One subgroup that made notable improvement was the first group
of applicants to the program, or 21 percent of the treatment group.
Students in this subgroup who were offered or used scholarships
made gains in reading achievement that were the equivalent of 14.1
and 18.9 months, respectively, of additional learning-a gain that
is approximately 1.5 to two school years of learning. These are the
students who have been in the program the longest and have had the
greatest opportunity to benefit from their parents' choice.
The authors of the study caution that the "statistical
significance of this finding was not robust to adjustments for
multiple comparisons." Granting the department's reasons for
cautions, policymakers considering the program's likely impact in
future years should note that the greatest academic progress has
been made by students who have been in the program the longest.
Evidence Supports Continuation and
Expansion of Program
Since the DCOSP was created, supporters and opponents alike have
pointed to this evaluation as a critical factor in determining
whether the program should be continued. It has long been clear
that, if success is judged by the level of satisfaction of parents
of participating children, the program has been successful. Now
that the third-year evaluation has found that the offer and use of
a scholarship has had a statistically significant effect on
students' reading achievement, questions about this program's
effectiveness are resolved.
It is worth noting that the scholarship program's positive
impact is being achieved at a significantly lower cost to
government than what otherwise would have been spent on these
students' educations in the D.C. public school system. Opportunity
Scholarships offered through the program are worth $7,500. Since
the participating private schools cannot charge scholarship
students more than the amount of their scholarships, it is likely
that scholarships awarded to many students were less than $7,500.
The third-year evaluation reports that the weighted mean tuition of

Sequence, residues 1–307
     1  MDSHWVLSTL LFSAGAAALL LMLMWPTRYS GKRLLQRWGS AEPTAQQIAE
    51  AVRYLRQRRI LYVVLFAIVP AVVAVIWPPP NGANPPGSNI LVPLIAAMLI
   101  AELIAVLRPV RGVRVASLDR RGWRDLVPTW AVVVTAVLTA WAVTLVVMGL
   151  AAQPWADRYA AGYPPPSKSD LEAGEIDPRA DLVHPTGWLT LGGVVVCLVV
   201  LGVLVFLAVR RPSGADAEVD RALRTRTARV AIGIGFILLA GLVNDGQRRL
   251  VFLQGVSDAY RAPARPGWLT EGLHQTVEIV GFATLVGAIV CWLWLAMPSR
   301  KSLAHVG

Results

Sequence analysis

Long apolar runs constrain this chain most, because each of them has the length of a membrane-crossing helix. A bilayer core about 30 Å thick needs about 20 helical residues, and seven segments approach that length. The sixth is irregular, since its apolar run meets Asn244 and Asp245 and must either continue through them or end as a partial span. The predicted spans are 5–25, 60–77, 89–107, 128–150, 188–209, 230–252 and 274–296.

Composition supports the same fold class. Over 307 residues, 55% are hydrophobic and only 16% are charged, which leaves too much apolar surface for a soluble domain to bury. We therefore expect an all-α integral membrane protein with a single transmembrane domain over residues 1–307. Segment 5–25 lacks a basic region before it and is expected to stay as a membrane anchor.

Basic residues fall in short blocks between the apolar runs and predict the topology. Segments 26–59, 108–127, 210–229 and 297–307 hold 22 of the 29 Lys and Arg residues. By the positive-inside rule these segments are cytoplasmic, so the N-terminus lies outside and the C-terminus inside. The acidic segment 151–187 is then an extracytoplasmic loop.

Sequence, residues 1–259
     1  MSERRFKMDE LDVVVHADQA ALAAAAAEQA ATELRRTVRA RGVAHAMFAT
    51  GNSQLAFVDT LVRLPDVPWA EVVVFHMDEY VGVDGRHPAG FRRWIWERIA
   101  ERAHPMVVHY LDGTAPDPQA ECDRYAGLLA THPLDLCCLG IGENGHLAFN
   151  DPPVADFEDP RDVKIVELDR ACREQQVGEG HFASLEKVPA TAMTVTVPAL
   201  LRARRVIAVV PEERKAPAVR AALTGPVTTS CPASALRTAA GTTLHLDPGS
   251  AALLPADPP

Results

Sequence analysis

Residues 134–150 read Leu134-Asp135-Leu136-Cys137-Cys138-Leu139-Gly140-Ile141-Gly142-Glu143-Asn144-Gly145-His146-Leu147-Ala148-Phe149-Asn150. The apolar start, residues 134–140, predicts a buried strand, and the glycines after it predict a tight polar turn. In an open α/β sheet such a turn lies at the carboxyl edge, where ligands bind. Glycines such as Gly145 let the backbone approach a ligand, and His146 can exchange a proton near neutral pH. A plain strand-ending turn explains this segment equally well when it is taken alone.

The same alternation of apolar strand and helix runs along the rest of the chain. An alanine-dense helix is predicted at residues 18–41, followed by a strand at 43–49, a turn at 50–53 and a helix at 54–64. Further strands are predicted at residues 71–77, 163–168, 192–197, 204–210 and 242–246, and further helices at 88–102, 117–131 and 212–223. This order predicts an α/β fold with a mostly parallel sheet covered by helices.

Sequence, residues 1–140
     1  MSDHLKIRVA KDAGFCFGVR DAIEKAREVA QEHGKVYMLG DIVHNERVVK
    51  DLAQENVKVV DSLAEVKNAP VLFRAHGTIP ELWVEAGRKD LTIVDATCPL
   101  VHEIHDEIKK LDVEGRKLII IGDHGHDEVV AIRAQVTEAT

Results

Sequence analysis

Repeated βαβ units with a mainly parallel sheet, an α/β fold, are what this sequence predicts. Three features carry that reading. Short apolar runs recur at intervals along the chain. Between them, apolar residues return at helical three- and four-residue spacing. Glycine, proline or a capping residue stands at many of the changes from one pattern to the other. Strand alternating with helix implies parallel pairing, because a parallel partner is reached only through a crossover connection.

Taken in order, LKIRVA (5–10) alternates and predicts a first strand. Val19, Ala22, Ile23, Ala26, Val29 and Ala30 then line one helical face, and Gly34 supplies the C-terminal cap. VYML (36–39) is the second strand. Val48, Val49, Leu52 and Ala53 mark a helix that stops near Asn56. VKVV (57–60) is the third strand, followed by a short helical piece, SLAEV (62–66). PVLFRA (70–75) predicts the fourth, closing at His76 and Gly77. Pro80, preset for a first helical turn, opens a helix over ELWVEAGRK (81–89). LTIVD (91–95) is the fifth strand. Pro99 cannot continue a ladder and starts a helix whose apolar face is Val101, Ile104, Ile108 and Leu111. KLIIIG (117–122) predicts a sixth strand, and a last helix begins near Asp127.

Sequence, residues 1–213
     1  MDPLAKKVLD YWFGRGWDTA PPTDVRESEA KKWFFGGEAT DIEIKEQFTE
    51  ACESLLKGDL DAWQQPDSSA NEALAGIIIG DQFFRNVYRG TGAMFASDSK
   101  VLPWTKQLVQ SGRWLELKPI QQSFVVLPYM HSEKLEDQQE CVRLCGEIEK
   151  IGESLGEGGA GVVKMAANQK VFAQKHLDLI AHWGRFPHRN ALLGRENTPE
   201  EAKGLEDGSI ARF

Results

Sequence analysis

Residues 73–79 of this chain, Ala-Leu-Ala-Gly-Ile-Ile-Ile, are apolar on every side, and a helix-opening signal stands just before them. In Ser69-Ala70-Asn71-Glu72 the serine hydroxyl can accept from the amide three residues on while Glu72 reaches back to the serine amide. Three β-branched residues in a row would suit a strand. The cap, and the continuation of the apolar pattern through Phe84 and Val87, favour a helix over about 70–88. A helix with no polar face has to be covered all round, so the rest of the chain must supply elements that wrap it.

participating private schools was $6,620. But even if private
schools charged the full $7,500, that amount is still less than
half of the $15,315 that D.C. taxpayers spent per pupil in the
2004-05 school year.
Despite Positive Evidence, Program's
Despite the growing evidence of the DCOSP's success, its future
beyond 2009-10 remains uncertain. This spring, Congress included
legislative language in the Omnibus Appropriations Act requiring
that the DCOSP be reauthorized by Congress and authorized by the
D.C. City Council before receiving new federal appropriations. The
Senate rejected an amendment offered by Senator John Ensign (R-NV)
that would have removed the language that effectively sunsets the
voucher program. Members of Congress are now expected to introduce
legislation to reauthorize the DCOSP.
Growing evidence that the DCOSP is improving participating
students' academic achievement and increasing parental satisfaction
should give Congress, the Administration, and the D.C. City Council
reason to support continuing this program. Moreover, the emerging
positive evidence suggests that instead of debating whether to end
this successful program, federal policymakers and D.C. city leaders
should be exploring ways to allow more District children to have an
opportunity to attend a school of their parents' choice.
Dan Lips is Senior Policy
Analyst in Education in the Domestic Policy Studies Department at
The Heritage Foundation.